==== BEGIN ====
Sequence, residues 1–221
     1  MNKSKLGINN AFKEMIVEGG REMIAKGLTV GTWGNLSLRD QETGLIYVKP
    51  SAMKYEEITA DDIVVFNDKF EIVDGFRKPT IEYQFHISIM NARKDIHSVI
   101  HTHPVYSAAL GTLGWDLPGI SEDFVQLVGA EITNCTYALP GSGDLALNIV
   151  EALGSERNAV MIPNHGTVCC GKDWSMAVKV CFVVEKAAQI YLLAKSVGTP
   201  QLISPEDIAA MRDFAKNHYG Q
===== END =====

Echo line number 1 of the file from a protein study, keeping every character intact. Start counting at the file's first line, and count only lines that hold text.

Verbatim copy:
Sequence, residues 1–221